Action intends to safeguard against avian flu; current avian influenza strains are not a threat to humans

The state Department of Agriculture and Markets announced that it has issued an order to ban all fowl auctions and other events for the purchase, sale, swap or trade of fowl in the state to help prevent the spread of highly pathogenic avian influenza in the state’s poultry population.

Commissioner Richard A. Ball issued the order as a result of the continuing spread of strains of HPAI in the United States, including eight detections to date in New York that have resulted in the loss of more than 10,000 birds.

The order expands upon Ball’s previously issued order to ban all live fowl shows and exhibitions in New York. The current HPAI outbreak has impacted 26 states so far and is rapidly expanding nationwide.

“Avian influenza continues to be a growing and serious threat to all poultry and breeds of fowl in the United States, including New York,” Ball said. “This order is an important step to further limit the co-mingling of birds in our state, which will help to slow the spread of this disease, keep our birds healthy, and safeguard our poultry industry. Commonsense steps like these are our best line of defense against this disease.”

As with the previous ban, this ban will remain in effect until further notice. The Department is continuing close monitoring of HPAI in New York and plans to reassess this Notice of Order in late May to determine whether it should remain in place through the summer.

As the HPAI outbreak spreads in other parts of the United States, several additional states have taken the step to ban poultry exhibitions and other gatherings of poultry, including Arkansas, Iowa, Georgia, Illinois, Minnesota, Iowa, North Carolina, Wisconsin and Missouri.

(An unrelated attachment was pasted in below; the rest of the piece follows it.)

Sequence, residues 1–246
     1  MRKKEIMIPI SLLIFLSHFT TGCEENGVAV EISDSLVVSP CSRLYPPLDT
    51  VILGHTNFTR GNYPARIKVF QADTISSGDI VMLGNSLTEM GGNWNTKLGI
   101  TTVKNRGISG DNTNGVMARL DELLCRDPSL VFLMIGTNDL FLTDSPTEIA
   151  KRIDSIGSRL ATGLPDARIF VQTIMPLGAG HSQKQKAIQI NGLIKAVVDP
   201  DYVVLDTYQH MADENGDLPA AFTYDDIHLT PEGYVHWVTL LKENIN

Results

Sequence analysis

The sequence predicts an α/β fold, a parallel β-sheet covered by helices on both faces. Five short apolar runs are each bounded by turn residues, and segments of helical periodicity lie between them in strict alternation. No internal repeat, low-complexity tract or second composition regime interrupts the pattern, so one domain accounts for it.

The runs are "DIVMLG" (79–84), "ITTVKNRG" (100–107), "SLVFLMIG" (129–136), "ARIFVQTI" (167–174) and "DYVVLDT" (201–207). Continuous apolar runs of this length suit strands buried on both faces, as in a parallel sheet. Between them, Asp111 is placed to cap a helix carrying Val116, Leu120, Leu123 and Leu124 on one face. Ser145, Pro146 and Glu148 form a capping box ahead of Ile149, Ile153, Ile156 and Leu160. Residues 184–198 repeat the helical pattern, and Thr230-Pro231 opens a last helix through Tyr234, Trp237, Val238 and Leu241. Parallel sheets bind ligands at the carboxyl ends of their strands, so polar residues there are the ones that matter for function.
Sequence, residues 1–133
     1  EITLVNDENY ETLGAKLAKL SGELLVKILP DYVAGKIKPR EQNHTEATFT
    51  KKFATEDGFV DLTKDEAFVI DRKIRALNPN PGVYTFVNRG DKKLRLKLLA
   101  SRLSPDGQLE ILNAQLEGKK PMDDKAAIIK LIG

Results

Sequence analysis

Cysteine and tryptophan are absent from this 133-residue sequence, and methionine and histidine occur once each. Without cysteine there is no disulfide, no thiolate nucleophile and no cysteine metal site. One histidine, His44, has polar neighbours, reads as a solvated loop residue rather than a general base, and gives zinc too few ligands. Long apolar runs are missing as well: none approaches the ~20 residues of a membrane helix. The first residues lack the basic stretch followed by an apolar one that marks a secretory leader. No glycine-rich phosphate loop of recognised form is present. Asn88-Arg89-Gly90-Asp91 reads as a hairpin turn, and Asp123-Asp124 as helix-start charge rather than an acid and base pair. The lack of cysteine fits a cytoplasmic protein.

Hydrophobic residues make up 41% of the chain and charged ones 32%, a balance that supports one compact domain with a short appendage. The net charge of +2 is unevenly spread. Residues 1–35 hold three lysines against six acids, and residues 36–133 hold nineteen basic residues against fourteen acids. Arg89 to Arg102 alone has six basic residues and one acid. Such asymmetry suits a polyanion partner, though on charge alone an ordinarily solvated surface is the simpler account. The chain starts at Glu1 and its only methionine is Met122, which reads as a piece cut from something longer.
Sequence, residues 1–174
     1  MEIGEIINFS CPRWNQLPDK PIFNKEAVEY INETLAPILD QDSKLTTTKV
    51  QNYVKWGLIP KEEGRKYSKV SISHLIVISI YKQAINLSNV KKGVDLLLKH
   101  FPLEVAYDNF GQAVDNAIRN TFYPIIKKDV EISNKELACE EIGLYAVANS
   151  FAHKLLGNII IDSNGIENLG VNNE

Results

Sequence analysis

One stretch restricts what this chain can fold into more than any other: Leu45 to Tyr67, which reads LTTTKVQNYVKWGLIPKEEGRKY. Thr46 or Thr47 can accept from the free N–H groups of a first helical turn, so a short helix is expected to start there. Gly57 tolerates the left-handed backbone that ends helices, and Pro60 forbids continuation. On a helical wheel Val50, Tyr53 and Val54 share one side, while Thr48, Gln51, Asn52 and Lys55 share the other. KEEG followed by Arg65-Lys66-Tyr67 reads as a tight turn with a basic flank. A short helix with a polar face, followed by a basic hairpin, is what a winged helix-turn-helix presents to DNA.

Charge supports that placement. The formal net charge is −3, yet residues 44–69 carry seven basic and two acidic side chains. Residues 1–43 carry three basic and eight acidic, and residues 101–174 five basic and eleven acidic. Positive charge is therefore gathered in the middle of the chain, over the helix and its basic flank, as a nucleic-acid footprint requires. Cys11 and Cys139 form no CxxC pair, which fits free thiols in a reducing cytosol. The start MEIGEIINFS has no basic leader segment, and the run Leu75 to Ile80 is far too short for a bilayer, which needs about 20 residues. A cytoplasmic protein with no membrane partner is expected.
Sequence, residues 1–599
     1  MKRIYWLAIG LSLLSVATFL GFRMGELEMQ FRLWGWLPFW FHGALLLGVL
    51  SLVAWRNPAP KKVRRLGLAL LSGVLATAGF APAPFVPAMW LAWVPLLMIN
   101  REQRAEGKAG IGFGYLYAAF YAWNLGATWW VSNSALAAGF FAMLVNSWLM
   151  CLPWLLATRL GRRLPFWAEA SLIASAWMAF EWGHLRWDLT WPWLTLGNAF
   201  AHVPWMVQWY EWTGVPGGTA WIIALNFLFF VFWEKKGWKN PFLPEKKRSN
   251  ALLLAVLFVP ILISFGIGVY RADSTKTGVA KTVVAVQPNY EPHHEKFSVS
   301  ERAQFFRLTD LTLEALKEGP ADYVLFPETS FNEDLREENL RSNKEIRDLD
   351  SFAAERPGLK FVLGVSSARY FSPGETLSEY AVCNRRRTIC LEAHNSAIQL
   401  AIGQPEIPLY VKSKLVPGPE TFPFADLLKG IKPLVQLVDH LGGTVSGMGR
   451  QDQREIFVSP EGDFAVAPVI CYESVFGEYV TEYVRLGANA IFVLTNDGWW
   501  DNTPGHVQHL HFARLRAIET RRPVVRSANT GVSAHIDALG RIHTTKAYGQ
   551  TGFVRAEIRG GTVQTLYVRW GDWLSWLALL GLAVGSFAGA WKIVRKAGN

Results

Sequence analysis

HPAI in New York State

To date, eight flocks in New York have tested positive for HPAI, most recently April 6 in a Fulton County flock. HPAI has also been detected in wild birds, including snow geese and wild ducks across the state. The Department is working closely with the United States Department of Agriculture Animal and Plant Health Inspection Service on a joint incident response and is also collaborating with partners at the Department of Health and Department of Environmental Conservation. Additionally, Department officials are reaching out to poultry and egg farms across the state to ensure best practices are being implemented and to prepare for potential additional avian influenza cases in New York.

According to the U.S. Centers for Disease Control and Prevention, these recent HPAI detections in birds do not present an immediate public health concern. No human cases of these avian influenza viruses have been detected in the United States.

The detections of HPAI in New York prompt reminders for commercial and hobby poultry farmers to increase their biosecurity measures to help prevent the spread of the disease. Poultry owners should keep their birds away from wild ducks and geese and their droppings. Outdoor access for poultry should be limited at this time.

Additionally, the Department encourages all poultry producers, from small backyard to large commercial operations, to review their biosecurity plans and take precautions to protect their birds. Poultry biosecurity materials and checklists can be found on the USDA’s “Defend the Flock” website. Best practices include:

  • Discourage unnecessary visitors and use biosecurity signs to warn people not to enter buildings without permission.
  • Ask all visitors if they have had any contact with any birds in the past five days.
  • Forbid entry to employees and visitors who own any kind of fowl.
  • Require all visitors to cover and disinfect all footwear.
  • Lock all entrances to chicken houses after hours.
  • Avoid non-essential vehicular traffic on-farm.
  • After hauling birds to processors, clean and disinfect poultry transport coops and vehicles before they return to the farm.
  • Report anything unusual, especially sick or dead birds, to AGM.

To report sick birds, unexplained high number of deaths or sudden drop in egg production, contact the Department’s Division of Animal Industry at 518.457.3502 or the USDA at 866.536.7593.

By martha

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